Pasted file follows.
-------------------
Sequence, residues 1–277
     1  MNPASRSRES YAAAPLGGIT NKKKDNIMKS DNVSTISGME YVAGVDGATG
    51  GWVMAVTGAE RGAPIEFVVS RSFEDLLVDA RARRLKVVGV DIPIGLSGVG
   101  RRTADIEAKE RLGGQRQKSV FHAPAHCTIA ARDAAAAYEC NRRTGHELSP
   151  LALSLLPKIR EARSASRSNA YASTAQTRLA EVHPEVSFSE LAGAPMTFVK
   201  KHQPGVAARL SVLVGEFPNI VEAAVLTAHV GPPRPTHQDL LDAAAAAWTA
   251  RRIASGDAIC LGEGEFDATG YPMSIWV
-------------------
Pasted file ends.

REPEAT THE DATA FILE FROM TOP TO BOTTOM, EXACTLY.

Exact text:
Sequence, residues 1–277
     1  MNPASRSRES YAAAPLGGIT NKKKDNIMKS DNVSTISGME YVAGVDGATG
    51  GWVMAVTGAE RGAPIEFVVS RSFEDLLVDA RARRLKVVGV DIPIGLSGVG
   101  RRTADIEAKE RLGGQRQKSV FHAPAHCTIA ARDAAAAYEC NRRTGHELSP
   151  LALSLLPKIR EARSASRSNA YASTAQTRLA EVHPEVSFSE LAGAPMTFVK
   201  KHQPGVAARL SVLVGEFPNI VEAAVLTAHV GPPRPTHQDL LDAAAAAWTA
   251  RRIASGDAIC LGEGEFDATG YPMSIWV